Are You Preparing for Retirement?
It’s no secret that saving for retirement is important. However, wanting to save and knowing the best way to do so are two different things. Seasoned employees often feel that retirement efforts could be too little, too late. Younger generations especially are having a hard time saving for the future for various reasons. Rising costs in health care and housing paired with student loan payments can quickly eat away at income, leaving less to put away. No matter your situation, there’s still time to make changes and build a strong, secure financial future.
Envisioning the life you want for yourself 10, 20 or 40 years from now is a tough but necessary part of planning for retirement. Pinpointing the lifestyle you hope to have is key to knowing what steps you’ll need to take to get there.
Once you have a clear picture of what you want, set goals and map out a plan of how you’ll reach them. Your goals should be realistic and achievable. If you’re starting to save later in life, analyze your savings and investments thus far, and evaluate how you can grow them. You’ll want to revisit your plan annually for the first few years. This will help you determine if your goals need to be adjusted and keep you on track.
But don’t hesitate to make changes or set new goals. Be sure to make updates when there are life changes that impact spending and income like landing a higher paying job, rent increases or a new car payment.
The longer you wait to make saving for retirement a priority, the harder it’ll become. Put away what you can today, even if it seems like a small amount —it’s a start. If you’re just starting adulthood, you have an advantage: time. Working toward retirement in your 20s means you’re off to a better start than many of your peers. Even if you’re well into your career, there’s no better time to start than today.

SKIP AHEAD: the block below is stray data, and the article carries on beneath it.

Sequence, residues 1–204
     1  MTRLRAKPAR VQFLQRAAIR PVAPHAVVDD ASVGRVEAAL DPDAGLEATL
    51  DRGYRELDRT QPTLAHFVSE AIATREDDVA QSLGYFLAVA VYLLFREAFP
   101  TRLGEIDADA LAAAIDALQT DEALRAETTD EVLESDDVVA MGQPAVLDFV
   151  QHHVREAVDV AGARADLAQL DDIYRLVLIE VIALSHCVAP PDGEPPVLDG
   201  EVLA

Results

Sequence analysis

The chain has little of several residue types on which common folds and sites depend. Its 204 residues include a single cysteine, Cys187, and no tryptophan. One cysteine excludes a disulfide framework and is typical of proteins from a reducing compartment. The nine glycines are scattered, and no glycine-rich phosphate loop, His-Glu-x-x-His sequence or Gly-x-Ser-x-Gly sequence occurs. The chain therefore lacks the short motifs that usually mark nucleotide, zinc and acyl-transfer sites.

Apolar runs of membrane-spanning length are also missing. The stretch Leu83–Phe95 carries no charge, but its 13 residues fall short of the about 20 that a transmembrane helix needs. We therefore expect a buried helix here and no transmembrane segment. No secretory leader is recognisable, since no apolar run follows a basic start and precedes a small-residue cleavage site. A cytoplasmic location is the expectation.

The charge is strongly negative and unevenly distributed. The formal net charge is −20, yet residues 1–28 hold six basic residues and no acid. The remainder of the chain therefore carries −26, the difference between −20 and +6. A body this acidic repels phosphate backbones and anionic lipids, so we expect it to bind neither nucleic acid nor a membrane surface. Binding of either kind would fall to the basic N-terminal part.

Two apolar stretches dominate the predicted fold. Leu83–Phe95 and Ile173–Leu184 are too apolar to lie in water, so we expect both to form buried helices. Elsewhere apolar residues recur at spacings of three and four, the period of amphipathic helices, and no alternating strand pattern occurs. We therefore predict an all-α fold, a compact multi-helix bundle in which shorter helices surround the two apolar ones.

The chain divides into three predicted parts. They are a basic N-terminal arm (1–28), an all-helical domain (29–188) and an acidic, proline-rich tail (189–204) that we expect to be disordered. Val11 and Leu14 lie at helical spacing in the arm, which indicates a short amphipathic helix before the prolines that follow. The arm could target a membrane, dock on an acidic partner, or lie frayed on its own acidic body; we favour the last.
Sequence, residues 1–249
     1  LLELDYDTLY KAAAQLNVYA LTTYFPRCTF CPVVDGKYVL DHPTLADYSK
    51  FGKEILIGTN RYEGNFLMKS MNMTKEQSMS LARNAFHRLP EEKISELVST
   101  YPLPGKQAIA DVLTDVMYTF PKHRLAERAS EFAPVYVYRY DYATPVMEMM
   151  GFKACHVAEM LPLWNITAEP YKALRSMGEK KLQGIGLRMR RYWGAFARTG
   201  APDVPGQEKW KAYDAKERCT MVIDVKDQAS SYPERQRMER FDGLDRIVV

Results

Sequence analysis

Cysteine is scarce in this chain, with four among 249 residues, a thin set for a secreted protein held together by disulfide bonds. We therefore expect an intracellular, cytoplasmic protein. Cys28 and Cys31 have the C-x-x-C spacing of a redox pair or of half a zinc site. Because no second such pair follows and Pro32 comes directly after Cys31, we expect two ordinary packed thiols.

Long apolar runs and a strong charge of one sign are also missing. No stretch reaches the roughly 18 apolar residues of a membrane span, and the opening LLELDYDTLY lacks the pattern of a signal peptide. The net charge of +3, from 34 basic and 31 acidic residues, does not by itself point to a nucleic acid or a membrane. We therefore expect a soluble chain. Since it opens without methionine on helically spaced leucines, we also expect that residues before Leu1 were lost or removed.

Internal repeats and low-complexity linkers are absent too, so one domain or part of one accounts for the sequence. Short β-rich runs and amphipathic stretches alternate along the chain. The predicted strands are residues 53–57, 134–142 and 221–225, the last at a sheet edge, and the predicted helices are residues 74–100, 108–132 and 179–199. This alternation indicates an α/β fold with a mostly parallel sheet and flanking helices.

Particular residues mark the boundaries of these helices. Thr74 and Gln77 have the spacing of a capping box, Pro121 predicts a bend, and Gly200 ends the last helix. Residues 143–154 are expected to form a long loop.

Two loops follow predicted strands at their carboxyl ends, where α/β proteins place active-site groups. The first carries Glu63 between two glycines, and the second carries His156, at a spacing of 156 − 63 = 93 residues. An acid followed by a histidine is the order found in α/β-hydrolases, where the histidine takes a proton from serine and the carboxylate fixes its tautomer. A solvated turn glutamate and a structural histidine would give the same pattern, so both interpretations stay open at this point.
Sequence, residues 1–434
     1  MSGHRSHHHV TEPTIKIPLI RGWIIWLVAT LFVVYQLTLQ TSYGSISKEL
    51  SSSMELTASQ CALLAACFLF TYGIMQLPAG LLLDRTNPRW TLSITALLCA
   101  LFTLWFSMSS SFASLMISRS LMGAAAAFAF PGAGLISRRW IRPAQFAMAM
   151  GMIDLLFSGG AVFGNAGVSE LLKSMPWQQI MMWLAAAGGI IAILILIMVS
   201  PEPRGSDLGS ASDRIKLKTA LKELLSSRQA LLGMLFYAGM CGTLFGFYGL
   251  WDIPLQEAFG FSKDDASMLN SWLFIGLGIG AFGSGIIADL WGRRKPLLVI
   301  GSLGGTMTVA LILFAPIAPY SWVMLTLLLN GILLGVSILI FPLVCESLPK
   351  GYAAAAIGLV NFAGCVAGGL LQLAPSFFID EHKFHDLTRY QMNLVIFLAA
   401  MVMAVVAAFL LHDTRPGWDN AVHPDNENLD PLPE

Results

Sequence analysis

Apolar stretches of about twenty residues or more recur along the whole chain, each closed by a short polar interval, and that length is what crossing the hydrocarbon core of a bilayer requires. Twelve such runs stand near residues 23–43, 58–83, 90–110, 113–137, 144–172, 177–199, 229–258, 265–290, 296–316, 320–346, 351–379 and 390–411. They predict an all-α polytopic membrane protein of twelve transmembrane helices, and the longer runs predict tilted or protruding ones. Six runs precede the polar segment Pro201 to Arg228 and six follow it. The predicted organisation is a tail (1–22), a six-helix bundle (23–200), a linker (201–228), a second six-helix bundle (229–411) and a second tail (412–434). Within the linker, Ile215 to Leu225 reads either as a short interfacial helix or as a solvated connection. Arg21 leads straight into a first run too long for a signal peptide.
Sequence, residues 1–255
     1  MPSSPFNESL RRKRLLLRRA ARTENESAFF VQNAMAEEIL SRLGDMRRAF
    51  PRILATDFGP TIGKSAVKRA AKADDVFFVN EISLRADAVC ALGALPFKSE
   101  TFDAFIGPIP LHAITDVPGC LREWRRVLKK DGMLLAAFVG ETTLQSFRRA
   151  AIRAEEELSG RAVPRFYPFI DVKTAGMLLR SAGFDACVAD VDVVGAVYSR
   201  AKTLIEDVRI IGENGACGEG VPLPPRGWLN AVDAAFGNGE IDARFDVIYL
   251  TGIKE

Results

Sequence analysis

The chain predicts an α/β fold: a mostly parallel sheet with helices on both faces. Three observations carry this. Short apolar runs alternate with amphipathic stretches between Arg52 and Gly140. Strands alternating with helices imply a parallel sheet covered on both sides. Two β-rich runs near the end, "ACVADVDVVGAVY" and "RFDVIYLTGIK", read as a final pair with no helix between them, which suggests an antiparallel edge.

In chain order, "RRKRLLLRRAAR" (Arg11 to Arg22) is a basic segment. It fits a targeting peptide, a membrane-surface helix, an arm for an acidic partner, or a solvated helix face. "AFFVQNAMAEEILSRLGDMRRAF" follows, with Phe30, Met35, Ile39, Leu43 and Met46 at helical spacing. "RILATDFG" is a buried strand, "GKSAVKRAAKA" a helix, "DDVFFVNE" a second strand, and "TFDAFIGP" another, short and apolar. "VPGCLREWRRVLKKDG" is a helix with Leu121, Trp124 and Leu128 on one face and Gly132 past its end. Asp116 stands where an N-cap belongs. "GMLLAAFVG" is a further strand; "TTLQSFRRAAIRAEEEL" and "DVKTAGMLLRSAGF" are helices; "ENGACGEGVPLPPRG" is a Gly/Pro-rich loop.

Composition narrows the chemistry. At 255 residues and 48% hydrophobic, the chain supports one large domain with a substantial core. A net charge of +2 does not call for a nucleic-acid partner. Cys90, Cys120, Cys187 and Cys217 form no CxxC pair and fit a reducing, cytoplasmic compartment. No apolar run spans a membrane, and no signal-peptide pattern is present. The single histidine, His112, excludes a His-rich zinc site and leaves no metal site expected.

It can take time to build a substantial retirement fund, but everyone has to start somewhere. It’s never too soon or too late to start financing your future.
Track Your Spending
Taking the time each month to sit down and analyze your spending is a good habit to develop. Realizing how much you spend on frivolous purchases versus your contribution to savings could be the eye-opener you need. Or maybe you’re on the other end of the spectrum and you’ll see how healthy spending is setting you up for success. Whether you utilize a spreadsheet or a journal, try analyzing your spending monthly this year, then reflect on your findings.
If you’re not already enrolled in your employer’s 401(k) program, take it into consideration. If this is the part of your employee manual you skipped over, rethink your next move.
Contributing to your 401(k) is more beneficial than you think. Make sure you understand the plan so you know how to take full advantage of the benefits that come along with it. For example, many employers match a percentage of your contributions to increase participation, but only up to a certain portion of your salary. Others may match a specific dollar amount regardless of income.
Maybe your current job doesn’t offer a 401(k), or you’re just not a fan of the program. Either way, an Individual Retirement Account may be right for you. IRAs are also a responsible way to finance retirement. They even come with perks like a wider selection of investments and generally lower fees than 401(k) plans, but both options have their benefits. Do some investigating to decide which is best for you.
Start an Emergency Fund
Building an emergency fund is crucial when practicing financial stability. Sometimes events beyond your control can take an unexpected toll on your wallet. Having extra money to fall back on when you need it most will be the difference between having the money on hand or digging into your savings. Designate a specific amount for rainy days and flat tires to rely less on your credit card and growing retirement fund.
When you’re balancing all of the price tags that come with adulthood –car payments, a mortgage, insurance– retirement is often an afterthought. Still, the best thing you can do is plan ahead, because before you know it, days that once seemed so far will be right around the corner. Whether you’re a recent college graduate planning for early retirement or someone who’s been in the workforce for quite some time, invest in what could be the best time of your life. Your future self will thank you.